“Qwi,” he said carefully, “do you want me-”
She interrupted, fiercely. “No! I don’t want you to do anything. I want to do it. I. Me.” She spun around, oblivious to the danger of the broken glass, and pounded her fist on the terminal on the desk. “I do not want you to do it. I don’t want the machine to do it. And I don’t want a droid to do it. I want to do it myself. A year ago I could have done it in my sleep. I’d have known the answer before the question was fully asked. Now I know nothing. Nothing!”
It was true, and Wedge didn’t know what to say.
“I was the best at what I did, the best anywhere. Anywhere! Now I am less than a child. I know nothing, I can do nothing. I look at texts I could have written, that I could have demolished, and I can’t understand them. And it’s not just that-I don’t know anything. I own nothing, I can’t do any work... I have to depend on you, like a cripple, like a child. Before, I didn’t know where I wanted to go, or what I wanted to do, but I could go, and I could do. Now,” she spun around, gesturing wildly at the books she had flung about the room, “now I can’t, and I hate it. I can’t even fight my way through things I played at before. I have to ask everything, I have to ask you everything, and how long must you answer? How long will you answer?”
“As long as you need me to,” he said, calmly, hoping she could hear the truth. “Just that long.”
“And what will I ask? All these questions! Which way is Coreward, Wedge? What’s my favorite color, Wedge? Do I like Montyrn? Do I know that man? I ask these things, I have to ask these things. But, what’s the fourth law of thermodynamics, Wedge? That I will not ask!” Her voice soared, her hands flailing.
He was as upset as she, if differently. He caught her hands between his. “Qwi, it’s not forever. You’re still smart, you just have to learn it again. That’s all.”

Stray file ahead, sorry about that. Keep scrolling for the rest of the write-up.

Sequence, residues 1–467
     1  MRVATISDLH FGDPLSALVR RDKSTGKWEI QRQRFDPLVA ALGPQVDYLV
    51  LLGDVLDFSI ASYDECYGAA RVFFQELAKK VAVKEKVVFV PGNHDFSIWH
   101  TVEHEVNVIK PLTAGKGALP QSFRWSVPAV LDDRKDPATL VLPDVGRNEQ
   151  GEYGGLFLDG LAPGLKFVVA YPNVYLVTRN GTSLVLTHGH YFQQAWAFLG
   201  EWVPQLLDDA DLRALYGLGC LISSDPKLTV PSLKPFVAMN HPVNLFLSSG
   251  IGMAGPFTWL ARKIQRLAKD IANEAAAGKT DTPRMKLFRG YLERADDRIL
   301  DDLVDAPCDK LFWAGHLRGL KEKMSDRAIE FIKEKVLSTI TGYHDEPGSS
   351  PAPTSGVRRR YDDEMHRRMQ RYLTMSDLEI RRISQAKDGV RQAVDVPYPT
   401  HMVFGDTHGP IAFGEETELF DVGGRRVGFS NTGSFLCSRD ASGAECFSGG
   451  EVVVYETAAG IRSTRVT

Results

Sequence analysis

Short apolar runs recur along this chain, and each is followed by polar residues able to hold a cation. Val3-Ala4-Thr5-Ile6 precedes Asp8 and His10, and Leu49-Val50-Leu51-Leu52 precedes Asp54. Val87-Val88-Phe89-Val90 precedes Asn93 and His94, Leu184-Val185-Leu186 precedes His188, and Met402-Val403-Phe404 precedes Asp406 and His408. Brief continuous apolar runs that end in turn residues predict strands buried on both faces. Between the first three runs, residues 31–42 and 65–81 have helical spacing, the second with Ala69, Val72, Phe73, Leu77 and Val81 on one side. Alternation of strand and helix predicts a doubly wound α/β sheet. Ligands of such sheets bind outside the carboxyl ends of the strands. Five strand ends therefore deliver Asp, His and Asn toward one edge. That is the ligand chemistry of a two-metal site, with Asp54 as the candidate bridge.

“All?” She pulled away from him. “All?”
“Qwi,” he held his hands up, “that’s not what I meant. What I meant is, you can do it.”
She stilled, looking at him. He reached out, carefully, and took her hands again.
“You’re still smart. You can learn anything you put your mind to. Qwi, I saw you learn navigation effortlessly. You’ll get it all back. You will. You’ll have to start again at the beginning, but it will all come back. Just give it time.”
“How long, Wedge?” she asked, softly.
“I don’t know,” he said honestly. “Tarkin took two, three years to give you twenty years’ worth, but no one’s going to use his methods. I don’t know. Not too long.”
“How long can I stay here? How long can I ask you, lean on you like this?”
He swallowed and tightened his hold on her hands. “As long as you need to. I can’t think of anything I’d rather do than be here for you.”
She stared at him with dark, wide eyes, unblinking for longer than a human could, as if she were trying to read his soul. “Do you mean that?”
He met her gaze unflinching. “Completely,” he said.
She sighed and leaned against him. He put his arms around her shoulders, gently, almost tentatively. After a moment, he said, “You just have to start at the beginning, that’s all. Don’t start with the fourth law of thermodynamics. Start with the first one... or before that. Start with two plus two, and then go to two times two, and then to two squared-”
“Wedge,” she said against his collarbone, with a trace of amusement in her voice. “They’re the same thing.”
“Oh. Yeah, I guess they are, for two,” he said. “See, you’re on your way.”
“Wedge,” she said, pulling away from his hold to stand close to him, looking at him. “If you mean it... why do you always go away from me?”